During the next few years, federal and state agencies may be required to evaluate proposals and discharge permits that could significantly change selenium (Se) inputs to the San Francisco Bay-Delta Estuary (Bay-Delta), particularly in the North Bay (i.e., Suisun Bay and San Pablo Bay). These decisions may include discharge requirements for an extension of the San Luis Drain (SLD) to the estuary to convey subsurface agricultural drainage from the western San Joaquin Valley (SJV), a renewal of an agreement to allow the existing portion of the SLD to convey subsurface agricultural drainage to a tributary of the San Joaquin River (SJR) (coincident with changes in flow patterns of the lower SJR), and refinements to promulgated Se criteria for the protection of aquatic life for the estuary.
Understanding the biotransfer of Se is essential to evaluating the fate and impact of proposed changes in Se discharges to the Bay-Delta. However, past monitoring programs have not addressed the specific protocols necessary for an element that bioaccumulates. Confusion about Se threats in the past have stemmed from failure to consider the full complexity of the processes that result in Se toxicity. Past studies show that predators are more at risk from Se contamination than their prey, making it difficult to use traditional methods to predict risk from environmental concentrations alone. In this report, we employ a novel procedure to model the fate of Se under different, potentially realistic load scenarios from the SJV. For each potential load, we progressively forecast the resulting environmental concentrations, speciation, transformation to particulate form, bioaccumulation by invertebrates, trophic transfer to predators, and effects in those predators. Enough is known to establish a first order understanding of effects should Se be discharged directly into the North Bay via a conveyance such as the SLD.
Our approach uses 1) existing knowledge concerning the biogeochemical reactions of Se (e.g., speciation, partitioning between dissolved and particulate forms, and bivalve assimilation efficiency) and 2) site-specific data mainly from 1986 to 1996 on clams and bottom-feeding fish and birds. Forecasts of Se loading from oil refineries and agricultural drainage from the SJV enable the calculation of a composite freshwater endmember Se concentration at the head of the estuary and at Carquinez Strait as a foundation for modeling. Our analysis of effects also takes into account the mode of conveyance for agricultural drainage (i.e., the SLD or SJR). The effects of variable flows on a seasonal or monthly basis from the Sacramento River and SJR are also considered.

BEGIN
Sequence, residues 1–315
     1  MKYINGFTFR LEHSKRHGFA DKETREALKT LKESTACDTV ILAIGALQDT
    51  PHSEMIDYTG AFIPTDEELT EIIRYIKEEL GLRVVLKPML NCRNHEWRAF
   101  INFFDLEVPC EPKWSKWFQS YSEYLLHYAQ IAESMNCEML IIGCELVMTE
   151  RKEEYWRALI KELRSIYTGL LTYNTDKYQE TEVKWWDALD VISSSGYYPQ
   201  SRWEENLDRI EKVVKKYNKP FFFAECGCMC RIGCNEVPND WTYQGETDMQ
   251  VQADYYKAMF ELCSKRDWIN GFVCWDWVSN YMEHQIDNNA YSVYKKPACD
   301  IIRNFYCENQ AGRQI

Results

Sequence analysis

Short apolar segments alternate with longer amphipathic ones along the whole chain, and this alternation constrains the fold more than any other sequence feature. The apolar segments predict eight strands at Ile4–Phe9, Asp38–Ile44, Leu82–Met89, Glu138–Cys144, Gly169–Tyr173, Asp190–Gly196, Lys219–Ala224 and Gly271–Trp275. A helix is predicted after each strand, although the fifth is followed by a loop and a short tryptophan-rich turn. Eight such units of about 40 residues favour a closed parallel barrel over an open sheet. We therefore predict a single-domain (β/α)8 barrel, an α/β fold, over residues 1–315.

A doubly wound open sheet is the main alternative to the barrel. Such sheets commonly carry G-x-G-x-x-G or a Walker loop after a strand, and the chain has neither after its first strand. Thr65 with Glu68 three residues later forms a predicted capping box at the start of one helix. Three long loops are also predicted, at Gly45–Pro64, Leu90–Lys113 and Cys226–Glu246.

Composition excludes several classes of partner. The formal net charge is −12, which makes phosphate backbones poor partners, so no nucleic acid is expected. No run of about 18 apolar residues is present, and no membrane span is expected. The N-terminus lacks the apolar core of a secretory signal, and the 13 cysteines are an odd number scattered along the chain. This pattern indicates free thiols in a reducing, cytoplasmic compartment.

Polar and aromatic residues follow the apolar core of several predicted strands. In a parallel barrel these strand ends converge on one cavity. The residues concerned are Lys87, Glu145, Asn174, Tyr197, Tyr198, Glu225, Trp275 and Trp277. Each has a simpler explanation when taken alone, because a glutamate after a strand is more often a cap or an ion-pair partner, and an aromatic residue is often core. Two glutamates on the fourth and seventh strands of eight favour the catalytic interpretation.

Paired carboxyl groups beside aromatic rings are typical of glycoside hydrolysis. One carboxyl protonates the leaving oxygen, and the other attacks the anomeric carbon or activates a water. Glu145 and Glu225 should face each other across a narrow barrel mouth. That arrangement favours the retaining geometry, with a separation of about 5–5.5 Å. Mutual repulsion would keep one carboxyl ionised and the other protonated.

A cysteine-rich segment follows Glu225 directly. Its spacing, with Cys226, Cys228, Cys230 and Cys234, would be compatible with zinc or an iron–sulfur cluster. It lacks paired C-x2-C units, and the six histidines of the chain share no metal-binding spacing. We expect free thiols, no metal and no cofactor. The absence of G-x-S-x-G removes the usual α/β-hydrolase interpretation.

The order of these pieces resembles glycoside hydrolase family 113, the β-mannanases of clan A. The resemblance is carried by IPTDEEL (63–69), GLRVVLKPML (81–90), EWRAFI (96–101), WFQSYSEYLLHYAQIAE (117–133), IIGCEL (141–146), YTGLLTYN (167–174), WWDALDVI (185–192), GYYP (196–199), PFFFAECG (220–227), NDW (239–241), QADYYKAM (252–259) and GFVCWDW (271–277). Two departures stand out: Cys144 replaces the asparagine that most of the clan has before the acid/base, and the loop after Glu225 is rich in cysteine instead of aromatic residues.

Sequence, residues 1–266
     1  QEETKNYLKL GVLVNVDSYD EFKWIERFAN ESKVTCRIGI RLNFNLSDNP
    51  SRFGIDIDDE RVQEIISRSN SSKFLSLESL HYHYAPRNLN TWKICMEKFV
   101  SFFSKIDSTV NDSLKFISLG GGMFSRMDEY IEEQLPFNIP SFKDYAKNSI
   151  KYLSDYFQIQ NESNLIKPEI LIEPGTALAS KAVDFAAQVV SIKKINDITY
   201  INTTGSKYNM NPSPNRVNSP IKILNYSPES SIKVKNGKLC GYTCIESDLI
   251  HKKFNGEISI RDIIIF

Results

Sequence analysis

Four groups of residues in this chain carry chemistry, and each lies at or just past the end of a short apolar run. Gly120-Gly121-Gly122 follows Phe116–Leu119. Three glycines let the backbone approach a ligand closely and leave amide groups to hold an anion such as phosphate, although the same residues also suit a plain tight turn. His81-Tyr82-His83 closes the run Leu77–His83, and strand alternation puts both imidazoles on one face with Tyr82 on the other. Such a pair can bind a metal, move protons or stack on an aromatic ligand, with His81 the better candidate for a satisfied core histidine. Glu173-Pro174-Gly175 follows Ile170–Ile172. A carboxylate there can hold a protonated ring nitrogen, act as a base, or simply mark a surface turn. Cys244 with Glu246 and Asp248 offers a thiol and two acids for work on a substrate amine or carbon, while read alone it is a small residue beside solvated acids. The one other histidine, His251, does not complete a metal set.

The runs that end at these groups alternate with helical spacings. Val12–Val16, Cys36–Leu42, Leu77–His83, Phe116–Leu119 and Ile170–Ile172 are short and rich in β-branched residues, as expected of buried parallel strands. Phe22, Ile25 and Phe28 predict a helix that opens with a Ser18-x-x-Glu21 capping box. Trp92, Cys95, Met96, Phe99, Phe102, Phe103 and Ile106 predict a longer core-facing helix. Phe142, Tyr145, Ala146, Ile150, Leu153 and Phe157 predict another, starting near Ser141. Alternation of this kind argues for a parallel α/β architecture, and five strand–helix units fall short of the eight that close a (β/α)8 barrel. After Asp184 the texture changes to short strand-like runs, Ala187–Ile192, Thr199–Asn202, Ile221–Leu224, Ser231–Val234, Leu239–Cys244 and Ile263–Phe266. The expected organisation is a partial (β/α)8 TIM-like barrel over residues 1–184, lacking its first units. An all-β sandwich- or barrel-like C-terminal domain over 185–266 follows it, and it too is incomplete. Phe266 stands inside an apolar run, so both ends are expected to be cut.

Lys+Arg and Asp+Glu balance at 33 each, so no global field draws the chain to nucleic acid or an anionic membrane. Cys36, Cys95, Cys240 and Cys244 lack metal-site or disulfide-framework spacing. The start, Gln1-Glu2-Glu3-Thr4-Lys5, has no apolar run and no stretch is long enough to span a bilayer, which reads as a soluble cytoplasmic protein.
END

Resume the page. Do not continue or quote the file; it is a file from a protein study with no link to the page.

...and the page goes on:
The results of our forecasts for external SJV watershed sources of Se mirror predictions made since 1955 of a worsening salt (and by inference, Se) buildup exacerbated by the arid climate and irrigation for agricultural use. We show that the reservoir of Se in the SJV is sufficient to provide loading at an annual rate of approximately 42,500 pounds (lbs) of Se to a Bay-Delta disposal point for 63 to 304 years at the lower range of our projections, even if influx of Se from the California Coast Ranges could be curtailed. Disposal of wastewaters on an annual basis outside of the SJV may slow the degradation of valley resources, but drainage alone cannot alleviate the salt and Se buildup in the SJV, at least within a century.
Our forecasts show the different proportions of Se loading to the Bay-Delta. Oil refinery loads from 1986 to 1992 ranged from 11 to 15 lbs Se per day; with treatment and cleanup, loads decreased to 3 lbs Se per day in 1999. In contrast, SJV agricultural drainage loads could range from of 45 to 117 lbs Se per day across a set of reasonable conditions. Components of this valley-wide load include five source subareas (i.e., Grassland, Westlands, Tulare, Kern, and Northern) based on water and drainage management. Loads vary per subarea mainly because of proximity of the s